and charges made, demanded or received by any public utility
for or in connection with" interstate transmissions or
wholesale sales must be "just and reasonable."
Id. (quoting 16 U.S.C. § 824d(a)). If
"any rate for charge, " or "any rule,
regulation, practice or contract affecting such rate [or]
charge" falls short of that standard, FERC "must
rectify the problem: It shall then determine what is
'just and reasonable' and impose 'the same by
order.'" Id. (quoting 16 U.S.C.
within the electricity market there are three general
categories of actors: generators (or other entities that buy
energy through bilateral contracts), transmitters, and load
serving entities (LSEs). See Hughes v. Talen Energy
Marketing, LLC, 136 S.Ct. 1288, 1292 (Apr. 29, 2016).
Generators include power plants and other sources of energy
production. Id. LSEs distribute power to the end
user. Division of Energy Market Oversight office of
Enforcement, Federal Energy Regulatory Commission, Energy
Primer: A Handbook of Energy Market Basics,
57–63 (2015) (available at
Transmitters historically were private entities, but
currently are nonprofit “Regional Transmission
Organizations” ("RTOs") or “Independent
System Operators” ("ISOs"). Id.
There are seven RTOs in the United States. Id. The
New England ISO ("ISO-NE"), which is of interest in
this case, operates in New England, including in Connecticut.
1978, Congress enacted the Public Utility Regulatory
Practices Act ("PURPA"). "Technically, PURPA
is one of several amendments to the Federal Power Act, "
whose provisions are codified in part in the FPA, 16 U.S.C.
§ 824a-3. See Allco Finance Limited v. Klee,
805 F.3d 89, 91 n. 1 (2015) (hereinafter "Allco
II"). Given that the Federal Power Act gives FERC
"exclusive authority to regulate sales of electricity at
wholesale in interstate commerce, " Allco II,
805 F.3d at 91 (citing 16 U.S.C. § 824(b)(1)),
"States may not act in this area unless Congress creates
an exception." Id. (citing 16 U.S.C.
§ 824(b)). "PURPA contains one such exception that
permits states to foster electric generation by certain power
production facilities ('qualifying facilities') that
have no more than 80 megawatts of capacity and use renewable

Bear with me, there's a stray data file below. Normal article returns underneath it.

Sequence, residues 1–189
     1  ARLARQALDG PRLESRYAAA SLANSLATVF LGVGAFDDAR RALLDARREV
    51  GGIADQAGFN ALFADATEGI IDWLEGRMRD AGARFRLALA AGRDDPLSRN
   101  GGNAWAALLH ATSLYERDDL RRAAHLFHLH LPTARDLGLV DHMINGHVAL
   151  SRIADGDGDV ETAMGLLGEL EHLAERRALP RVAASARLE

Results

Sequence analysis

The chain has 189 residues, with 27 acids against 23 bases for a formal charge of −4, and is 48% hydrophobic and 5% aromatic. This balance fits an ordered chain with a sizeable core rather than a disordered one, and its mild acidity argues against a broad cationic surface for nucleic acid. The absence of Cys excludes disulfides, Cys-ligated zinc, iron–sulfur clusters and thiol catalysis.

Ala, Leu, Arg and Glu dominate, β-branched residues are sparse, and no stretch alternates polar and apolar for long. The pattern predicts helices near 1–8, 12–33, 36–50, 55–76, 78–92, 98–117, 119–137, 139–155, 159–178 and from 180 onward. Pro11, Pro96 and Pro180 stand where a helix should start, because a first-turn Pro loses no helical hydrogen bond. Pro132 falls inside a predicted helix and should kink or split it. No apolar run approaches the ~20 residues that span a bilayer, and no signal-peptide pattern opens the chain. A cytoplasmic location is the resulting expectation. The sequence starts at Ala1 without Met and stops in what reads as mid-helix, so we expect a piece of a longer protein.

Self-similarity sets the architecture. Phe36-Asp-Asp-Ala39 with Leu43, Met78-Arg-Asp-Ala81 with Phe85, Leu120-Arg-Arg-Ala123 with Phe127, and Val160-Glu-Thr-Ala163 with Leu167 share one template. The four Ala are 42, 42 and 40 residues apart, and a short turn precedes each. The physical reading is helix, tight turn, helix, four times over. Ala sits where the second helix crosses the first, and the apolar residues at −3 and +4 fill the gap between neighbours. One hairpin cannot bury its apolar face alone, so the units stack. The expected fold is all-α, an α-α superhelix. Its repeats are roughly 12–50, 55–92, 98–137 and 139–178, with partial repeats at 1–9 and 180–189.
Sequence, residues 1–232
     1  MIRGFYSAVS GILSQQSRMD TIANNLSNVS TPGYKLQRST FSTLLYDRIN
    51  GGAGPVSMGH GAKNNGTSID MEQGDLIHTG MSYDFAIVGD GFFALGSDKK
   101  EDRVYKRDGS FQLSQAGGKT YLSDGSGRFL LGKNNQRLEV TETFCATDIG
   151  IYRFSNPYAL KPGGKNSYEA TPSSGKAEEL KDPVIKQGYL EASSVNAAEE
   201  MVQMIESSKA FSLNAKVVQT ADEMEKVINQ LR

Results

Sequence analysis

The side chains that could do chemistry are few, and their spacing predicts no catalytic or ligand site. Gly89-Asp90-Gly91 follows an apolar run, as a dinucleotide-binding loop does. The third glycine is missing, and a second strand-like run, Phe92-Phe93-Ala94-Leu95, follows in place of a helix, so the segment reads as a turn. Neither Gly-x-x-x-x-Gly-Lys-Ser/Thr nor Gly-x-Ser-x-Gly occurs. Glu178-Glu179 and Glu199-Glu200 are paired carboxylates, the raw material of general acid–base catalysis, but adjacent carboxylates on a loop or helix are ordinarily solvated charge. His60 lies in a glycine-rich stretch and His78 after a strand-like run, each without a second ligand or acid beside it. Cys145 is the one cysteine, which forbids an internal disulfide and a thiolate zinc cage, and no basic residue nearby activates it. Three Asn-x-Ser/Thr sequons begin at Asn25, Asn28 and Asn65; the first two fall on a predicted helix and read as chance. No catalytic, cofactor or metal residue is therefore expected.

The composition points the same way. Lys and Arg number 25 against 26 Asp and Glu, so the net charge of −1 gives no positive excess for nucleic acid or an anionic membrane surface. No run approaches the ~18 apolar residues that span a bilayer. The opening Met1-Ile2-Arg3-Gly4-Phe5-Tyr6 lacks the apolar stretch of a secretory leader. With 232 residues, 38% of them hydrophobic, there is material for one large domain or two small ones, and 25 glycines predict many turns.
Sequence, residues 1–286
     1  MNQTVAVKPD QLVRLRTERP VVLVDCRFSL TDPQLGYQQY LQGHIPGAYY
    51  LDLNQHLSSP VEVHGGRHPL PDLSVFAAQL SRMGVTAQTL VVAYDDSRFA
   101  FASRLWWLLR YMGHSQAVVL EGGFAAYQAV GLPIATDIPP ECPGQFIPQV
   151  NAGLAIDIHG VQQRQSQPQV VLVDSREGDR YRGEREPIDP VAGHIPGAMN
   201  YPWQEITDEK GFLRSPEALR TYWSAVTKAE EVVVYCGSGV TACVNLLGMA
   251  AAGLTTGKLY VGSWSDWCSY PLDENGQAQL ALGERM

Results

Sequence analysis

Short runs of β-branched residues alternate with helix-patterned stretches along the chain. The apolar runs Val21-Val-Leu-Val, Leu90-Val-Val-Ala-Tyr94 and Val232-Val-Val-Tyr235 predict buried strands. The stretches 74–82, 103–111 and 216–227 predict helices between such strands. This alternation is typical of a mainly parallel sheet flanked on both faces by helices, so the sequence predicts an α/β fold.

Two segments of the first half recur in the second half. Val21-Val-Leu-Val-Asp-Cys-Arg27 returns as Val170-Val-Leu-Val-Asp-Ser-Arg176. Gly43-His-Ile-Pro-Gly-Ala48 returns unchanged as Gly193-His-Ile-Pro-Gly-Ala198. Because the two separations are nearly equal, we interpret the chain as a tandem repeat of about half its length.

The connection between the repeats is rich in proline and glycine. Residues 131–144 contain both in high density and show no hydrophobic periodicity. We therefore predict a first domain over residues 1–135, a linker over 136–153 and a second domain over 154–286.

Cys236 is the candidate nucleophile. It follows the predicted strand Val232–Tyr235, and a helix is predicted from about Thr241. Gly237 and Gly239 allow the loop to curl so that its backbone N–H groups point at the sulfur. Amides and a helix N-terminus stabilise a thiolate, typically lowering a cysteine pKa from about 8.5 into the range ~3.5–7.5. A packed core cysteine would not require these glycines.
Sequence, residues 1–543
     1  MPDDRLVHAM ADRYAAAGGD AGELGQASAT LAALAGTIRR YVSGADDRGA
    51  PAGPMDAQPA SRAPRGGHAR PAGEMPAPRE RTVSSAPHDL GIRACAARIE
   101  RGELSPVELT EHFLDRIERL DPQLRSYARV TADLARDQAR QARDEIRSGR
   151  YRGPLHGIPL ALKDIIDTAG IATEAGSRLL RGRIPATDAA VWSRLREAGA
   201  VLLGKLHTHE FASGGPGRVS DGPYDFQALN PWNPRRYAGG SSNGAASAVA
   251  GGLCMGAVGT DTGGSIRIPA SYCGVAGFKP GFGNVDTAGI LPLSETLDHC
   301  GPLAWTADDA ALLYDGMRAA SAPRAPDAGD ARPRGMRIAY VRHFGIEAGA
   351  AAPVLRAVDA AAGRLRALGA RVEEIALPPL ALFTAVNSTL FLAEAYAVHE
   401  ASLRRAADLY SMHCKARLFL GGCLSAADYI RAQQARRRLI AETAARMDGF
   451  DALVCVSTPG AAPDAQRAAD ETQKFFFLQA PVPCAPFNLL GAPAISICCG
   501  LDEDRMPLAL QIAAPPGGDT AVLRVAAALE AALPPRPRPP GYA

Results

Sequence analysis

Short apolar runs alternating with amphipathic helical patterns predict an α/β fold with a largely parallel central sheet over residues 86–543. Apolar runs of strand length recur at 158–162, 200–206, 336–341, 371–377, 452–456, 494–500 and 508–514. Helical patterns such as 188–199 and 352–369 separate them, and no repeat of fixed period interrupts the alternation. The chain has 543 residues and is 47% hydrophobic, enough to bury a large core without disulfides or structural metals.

generation technology." Id. at 91–92.
That particular aspect of the statutory scheme plays a part
in the cases at bar.
engrafting of PURPA upon the FPA reflects the fact that
FERC's role in ensuring that a public utility's rates
or charges for electricity are just and reasonable has
evolved over the years as the industry has changed.
"Decades ago, state or local utilities controlled their
own power plants, transmission lines, and delivery systems,
operating as vertically integrated monopolies in confined
geographic areas." EPSA, 136 S.Ct. at 768.
Since the FPA's passage, electricity has increasingly
become a competitive interstate business, in which
independent power plants abound, and electricity flows
"not through the local power networks of the past, but
instead through an interconnected 'grid' of
near-nationwide scope." Id. (citation omitted).
In that new world, FERC
often forgoes the cost-based rate-setting traditionally used
to prevent monopolistic pricing. The Commission instead
undertakes to ensure "just and reasonable"
wholesale rates by enhancing competition – attempting,
as we recently explained, "to break down regulatory and
economic barriers that hinder a free market in wholesale
136 S.Ct. at 768 (quoting Morgan Stanley Capital Group
Inc. v. Public Util. Dist. No. 1 of Snohomish Cty., 554
U.S. 527, 536 (2008)).
are two ways in which FERC achieves its regulatory aims.
First, Generators and LSEs can enter private, bilateral
contracts called “Power Purchase Agreements”
(PPAs). See Hughes, 136 S.Ct. at 1292. If these
bilateral contracts are made in good faith and are the result
of arms-length negotiation, then they are presumed reasonable
by FERC. Id. (citing Morgan Stanley, 554
U.S. at 546–48). Second, RTOs can buy from and sell to
generators and LSEs through a FERC-approved auction process.
Id. RTOs transmit the energy sold by generators to
LSEs, but also run several markets under the supervision of
FERC, including a same-day auction, a next-day auction, and a
capacity auction. Division of Energy Market Oversight office
of Enforcement, Federal Energy Regulatory Commission, Energy
Primer: A Handbook of Energy Market Basics,
57–63 (2015) (available at
The“capacity auction” is designed to ensure
enough generation is available to meet future power demands.
Id. For ISO-NE, a is conducted by state regulators
three years prior to when the capacity is needed.
Id. The RTOs determine how much capacity will be
needed in three years’ time, then generators, and
utilities that have acquired capacity from generators under
bilateral contracts, commit to sell (and the RTOs commit to
purchase) the amount of capacity selected in the auction for
resale to the LSE in three years’ time. Id.
mechanism FERC employs for that salutary purpose, the Court
noted in EPSA, is to
encourage the creation of nonprofit entities to manage
wholesale markets on a regional basis. Seven such wholesale
market operators now serve areas with roughly two-thirds of